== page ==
9 Practice tips for the quality assessment of psychological tests
Assessing the quality of a test can seem quite difficult and time-consuming at first. Our SCHUHFRIED quick tips will show you how you can nevertheless save time and ensure that you use a good test.
Psychological tests are becoming increasingly relevant in personnel selection and development. On the one hand, they can be used to quickly and easily identify existing potential and areas for development. On the other hand, digital tests allow for maximum flexibility thanks to their high degree of automation, no matter where and when applicants want to be assessed.
But not all that glitters is gold. In order to obtain valid results, the tests used must be designed to be of high quality.
#01: Know the diagnostic question
The quality of a test must always be seen in the context of the question. Not every good test is automatically suitable for your intended application. Therefore, the question and objective of the test should be clarified and preferably explicitly stated before the assessment.
#02: Know the target group
In most cases, test results are interpreted in the context of a comparison group. This comparison group should therefore correspond as closely as possible to the target group. A comparison group, also known as a norm sample, should therefore be available for the test used, representing the population from which a person comes or from which a person will come. Depending on the question, these can be representative, education-specific, or even job-specific norms.
#03: Detailed and transparent documentation
Good tests have nothing to hide, so transparent documentation is a must. The more concretely the test manual describes the development process and the more transparently characteristic values of the quality criteria such as reliability and validity are stated, the better.
Did you know? Trustworthy test authors often fill out such checklists in advance and enclose them with the test manual to make it easier for users to read the relevant points. These can then usually be found in the appendix.
#04: Well-cited theoretical background
Tests need a theoretical framework that is supported by empirical results. Therefore, for good tests, an extensive literature search is conducted, resulting in a precise description of the theoretical background in the test manual. Pay particular attention to the citations in the manual. These should come predominantly from independent specialist literature.
#05: Established scientific model
For the transition from theory to practical test to work well, there should already be empirical evidence that the model used actually measures the dimension targeted in the test. If the test is to be used internationally, it should also be based on an internationally established model.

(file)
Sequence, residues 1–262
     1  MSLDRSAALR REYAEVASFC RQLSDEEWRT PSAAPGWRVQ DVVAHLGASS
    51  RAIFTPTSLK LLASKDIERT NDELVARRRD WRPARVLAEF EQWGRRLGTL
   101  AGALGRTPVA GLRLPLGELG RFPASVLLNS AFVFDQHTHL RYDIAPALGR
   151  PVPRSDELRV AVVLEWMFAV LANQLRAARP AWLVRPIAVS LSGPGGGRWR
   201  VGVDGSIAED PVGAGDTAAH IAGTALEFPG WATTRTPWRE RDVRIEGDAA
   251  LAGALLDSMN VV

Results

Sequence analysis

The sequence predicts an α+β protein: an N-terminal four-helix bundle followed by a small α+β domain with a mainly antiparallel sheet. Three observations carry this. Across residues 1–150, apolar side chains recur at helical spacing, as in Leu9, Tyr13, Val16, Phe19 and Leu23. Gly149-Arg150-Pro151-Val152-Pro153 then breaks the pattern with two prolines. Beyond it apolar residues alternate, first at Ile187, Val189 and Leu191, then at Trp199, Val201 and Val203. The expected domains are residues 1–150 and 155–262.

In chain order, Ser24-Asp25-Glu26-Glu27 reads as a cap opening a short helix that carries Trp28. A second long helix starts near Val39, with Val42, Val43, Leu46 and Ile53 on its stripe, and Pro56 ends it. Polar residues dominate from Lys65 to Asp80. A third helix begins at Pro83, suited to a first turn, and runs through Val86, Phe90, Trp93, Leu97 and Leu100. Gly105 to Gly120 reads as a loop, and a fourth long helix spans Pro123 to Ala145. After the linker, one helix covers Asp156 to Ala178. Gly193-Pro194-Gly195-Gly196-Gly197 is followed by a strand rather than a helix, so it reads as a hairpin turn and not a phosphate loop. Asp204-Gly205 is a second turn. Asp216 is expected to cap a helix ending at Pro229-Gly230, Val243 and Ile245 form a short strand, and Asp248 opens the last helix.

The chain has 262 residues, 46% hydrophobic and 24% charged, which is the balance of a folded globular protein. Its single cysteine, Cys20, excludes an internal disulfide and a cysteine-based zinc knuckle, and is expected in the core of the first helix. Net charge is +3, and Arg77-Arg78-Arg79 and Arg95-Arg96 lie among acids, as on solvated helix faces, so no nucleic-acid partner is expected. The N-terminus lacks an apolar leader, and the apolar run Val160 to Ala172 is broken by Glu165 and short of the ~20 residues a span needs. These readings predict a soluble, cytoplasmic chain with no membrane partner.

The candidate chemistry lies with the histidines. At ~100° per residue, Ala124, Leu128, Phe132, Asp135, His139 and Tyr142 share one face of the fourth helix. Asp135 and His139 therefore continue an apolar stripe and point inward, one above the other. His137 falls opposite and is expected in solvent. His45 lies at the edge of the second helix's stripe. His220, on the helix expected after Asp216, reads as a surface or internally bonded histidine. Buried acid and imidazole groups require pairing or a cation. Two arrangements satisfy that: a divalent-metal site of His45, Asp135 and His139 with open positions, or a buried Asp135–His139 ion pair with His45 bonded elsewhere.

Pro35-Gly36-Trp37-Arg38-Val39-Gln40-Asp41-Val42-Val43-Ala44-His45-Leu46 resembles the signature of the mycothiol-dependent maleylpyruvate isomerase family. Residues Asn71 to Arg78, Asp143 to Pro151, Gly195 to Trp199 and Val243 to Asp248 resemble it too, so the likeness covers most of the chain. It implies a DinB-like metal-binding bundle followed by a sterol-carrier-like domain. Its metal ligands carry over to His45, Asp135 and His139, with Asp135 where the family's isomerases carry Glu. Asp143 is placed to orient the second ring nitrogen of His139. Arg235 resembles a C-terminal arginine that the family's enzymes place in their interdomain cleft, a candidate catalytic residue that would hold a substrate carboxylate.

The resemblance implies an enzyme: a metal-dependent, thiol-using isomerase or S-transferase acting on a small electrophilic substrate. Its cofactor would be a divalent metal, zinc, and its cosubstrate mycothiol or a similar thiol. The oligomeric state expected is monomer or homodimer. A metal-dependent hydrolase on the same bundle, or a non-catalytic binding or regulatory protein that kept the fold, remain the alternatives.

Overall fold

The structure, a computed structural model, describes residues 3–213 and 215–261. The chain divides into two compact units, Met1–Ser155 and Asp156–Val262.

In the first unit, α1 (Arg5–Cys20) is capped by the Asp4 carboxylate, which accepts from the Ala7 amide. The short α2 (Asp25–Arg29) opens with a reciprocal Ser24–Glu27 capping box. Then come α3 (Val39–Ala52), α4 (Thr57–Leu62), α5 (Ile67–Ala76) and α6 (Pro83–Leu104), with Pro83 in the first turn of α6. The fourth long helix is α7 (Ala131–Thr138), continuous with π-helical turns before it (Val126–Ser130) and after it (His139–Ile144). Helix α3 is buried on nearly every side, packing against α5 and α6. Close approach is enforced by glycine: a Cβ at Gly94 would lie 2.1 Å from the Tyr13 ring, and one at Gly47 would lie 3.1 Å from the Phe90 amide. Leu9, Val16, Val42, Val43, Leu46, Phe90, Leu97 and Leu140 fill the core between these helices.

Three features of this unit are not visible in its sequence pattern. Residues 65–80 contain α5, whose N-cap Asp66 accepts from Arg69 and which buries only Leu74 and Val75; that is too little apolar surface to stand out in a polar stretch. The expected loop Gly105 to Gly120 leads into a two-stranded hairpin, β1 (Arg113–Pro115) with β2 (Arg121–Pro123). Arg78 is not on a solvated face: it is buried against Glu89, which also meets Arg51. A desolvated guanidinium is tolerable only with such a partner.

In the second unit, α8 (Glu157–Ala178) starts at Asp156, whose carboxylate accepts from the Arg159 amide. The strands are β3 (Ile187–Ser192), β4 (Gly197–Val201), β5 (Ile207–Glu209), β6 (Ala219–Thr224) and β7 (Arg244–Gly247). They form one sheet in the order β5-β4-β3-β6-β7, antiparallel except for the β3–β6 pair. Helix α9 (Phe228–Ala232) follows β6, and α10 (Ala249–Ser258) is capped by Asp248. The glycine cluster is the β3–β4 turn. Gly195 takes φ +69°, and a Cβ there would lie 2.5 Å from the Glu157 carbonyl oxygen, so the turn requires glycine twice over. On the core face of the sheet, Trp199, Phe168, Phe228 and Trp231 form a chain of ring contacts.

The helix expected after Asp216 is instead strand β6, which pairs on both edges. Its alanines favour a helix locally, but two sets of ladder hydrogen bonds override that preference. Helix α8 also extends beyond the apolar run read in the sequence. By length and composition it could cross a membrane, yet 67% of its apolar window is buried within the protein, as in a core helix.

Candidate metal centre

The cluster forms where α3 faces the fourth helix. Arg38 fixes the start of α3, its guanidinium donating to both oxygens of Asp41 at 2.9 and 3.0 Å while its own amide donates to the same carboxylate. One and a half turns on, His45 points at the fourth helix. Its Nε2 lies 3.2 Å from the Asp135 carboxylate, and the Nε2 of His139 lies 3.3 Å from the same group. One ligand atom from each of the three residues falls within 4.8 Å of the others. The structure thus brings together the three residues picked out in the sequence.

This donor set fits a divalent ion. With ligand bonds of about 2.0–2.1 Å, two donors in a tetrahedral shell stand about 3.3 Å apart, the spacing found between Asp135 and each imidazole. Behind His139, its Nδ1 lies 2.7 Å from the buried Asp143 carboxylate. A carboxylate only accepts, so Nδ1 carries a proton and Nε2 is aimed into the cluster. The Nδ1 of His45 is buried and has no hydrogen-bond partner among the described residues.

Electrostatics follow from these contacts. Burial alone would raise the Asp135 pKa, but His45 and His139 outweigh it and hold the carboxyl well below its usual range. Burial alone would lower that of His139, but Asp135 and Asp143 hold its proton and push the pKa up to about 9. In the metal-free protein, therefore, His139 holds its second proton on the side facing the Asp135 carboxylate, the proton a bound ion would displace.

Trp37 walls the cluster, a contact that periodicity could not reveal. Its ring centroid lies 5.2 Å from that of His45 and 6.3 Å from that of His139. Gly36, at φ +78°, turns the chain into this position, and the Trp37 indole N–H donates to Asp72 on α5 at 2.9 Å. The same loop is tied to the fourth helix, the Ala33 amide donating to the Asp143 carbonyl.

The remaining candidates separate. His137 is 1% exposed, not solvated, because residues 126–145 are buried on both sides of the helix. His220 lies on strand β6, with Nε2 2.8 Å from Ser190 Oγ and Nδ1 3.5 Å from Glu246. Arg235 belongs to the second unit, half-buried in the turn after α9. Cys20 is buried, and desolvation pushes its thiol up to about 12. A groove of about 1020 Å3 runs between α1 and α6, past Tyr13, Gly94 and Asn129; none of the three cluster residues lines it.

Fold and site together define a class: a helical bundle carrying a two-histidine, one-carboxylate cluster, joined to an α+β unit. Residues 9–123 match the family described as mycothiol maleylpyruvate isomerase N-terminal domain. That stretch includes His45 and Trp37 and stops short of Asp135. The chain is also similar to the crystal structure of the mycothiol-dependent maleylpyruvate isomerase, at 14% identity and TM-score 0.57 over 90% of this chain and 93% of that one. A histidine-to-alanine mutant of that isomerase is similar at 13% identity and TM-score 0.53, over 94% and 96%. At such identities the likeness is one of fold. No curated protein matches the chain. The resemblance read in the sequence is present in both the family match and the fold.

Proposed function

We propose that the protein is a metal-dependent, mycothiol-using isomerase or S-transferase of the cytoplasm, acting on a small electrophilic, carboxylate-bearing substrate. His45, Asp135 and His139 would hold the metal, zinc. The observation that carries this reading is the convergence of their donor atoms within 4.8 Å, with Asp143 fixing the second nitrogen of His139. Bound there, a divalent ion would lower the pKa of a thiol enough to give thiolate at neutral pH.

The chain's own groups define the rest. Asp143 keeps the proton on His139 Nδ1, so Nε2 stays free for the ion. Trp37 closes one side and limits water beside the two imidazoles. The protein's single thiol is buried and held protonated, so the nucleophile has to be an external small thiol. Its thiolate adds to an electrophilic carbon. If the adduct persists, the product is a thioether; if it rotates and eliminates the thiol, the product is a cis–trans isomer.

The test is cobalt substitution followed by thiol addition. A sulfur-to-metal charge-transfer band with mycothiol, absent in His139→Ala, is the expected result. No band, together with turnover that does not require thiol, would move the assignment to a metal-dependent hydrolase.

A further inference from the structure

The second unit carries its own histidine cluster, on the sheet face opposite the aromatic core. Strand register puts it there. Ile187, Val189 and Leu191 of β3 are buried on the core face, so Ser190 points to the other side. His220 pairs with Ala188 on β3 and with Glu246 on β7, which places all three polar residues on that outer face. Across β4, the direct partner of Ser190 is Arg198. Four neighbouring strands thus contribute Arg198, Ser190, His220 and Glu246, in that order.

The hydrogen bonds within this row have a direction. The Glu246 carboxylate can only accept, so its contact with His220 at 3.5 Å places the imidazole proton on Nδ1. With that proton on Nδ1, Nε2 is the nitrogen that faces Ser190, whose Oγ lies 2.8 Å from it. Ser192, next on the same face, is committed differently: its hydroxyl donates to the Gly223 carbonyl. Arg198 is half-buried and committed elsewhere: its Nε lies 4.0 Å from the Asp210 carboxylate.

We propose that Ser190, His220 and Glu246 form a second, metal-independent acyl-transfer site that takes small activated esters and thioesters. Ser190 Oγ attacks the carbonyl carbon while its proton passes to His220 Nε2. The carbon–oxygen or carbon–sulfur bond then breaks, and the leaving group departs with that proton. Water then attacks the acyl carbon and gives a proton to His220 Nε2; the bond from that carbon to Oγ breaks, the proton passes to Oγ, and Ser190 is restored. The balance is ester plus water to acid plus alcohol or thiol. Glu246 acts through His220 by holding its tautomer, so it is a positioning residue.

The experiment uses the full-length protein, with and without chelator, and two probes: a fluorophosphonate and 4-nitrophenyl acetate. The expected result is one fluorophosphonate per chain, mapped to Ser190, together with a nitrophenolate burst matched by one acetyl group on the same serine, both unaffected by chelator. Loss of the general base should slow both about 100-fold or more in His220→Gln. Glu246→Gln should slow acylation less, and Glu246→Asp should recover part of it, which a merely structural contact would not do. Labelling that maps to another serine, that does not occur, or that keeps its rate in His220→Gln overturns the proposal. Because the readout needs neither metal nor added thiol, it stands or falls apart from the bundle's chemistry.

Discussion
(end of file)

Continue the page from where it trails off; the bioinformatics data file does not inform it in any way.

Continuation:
#06: Transparent construction rationale
Construction rationales should also be derived from existing literature and described transparently and comprehensibly in the test manual. Caution is advised with construction rationales that have not yet been empirically investigated or that show argumentation gaps in the transition from theory to operationalization.
Did you know? Test construction increasingly relies on automated item generators (AIGs). Especially then, transparently described construction rationales are essential. Self-learning systems can do a lot, but their functioning should be well documented.
#07: Clear description of limit values for construct validity
Often, more complex statistical procedures are used to calculate validity. Test manuals should therefore always indicate how the quality criteria are to be assessed, for example by naming cut-off values or quality categories. These should be taken from independent specialist literature or guidelines and cited accordingly, so that users can judge how well a construct has been validated even without studying statistics.
#08: Good external criterion for criterion validations
A high criterion validity speaks for the quality of the test, but attention should be paid to the quality of the study design with which the value was obtained. Not only tests must meet quality criteria, but also the external criterion used, e.g. annual sales for sales employees, must be sufficiently reliable, objective and valid.
Here, too, the study design for criterion validation should be described transparently in the test manual.
#09: Sometimes it doesn't pay to save time
For tests on the results of which major financial or safety-related decisions depend, so-called "high stakes testings", it often pays not to save time in the test evaluation. Detailed test reviews are available for many tests, for example at Pub Psych
Kersting, M. (2018). Zur Information über und Dokumentation von Instrumenten zur Erfassung menschlichen Erlebens und Verhaltens - Die DIN SCREEN Checkliste 1, Version 3. In Diagnostik- und Testkuratorium (Hrsg.), Personalauswahl kompetent gestalten: Grundlagen und Praxis der Eignungsdiagnostik nach DIN 33430 (S. 224–244). Berlin: Springer.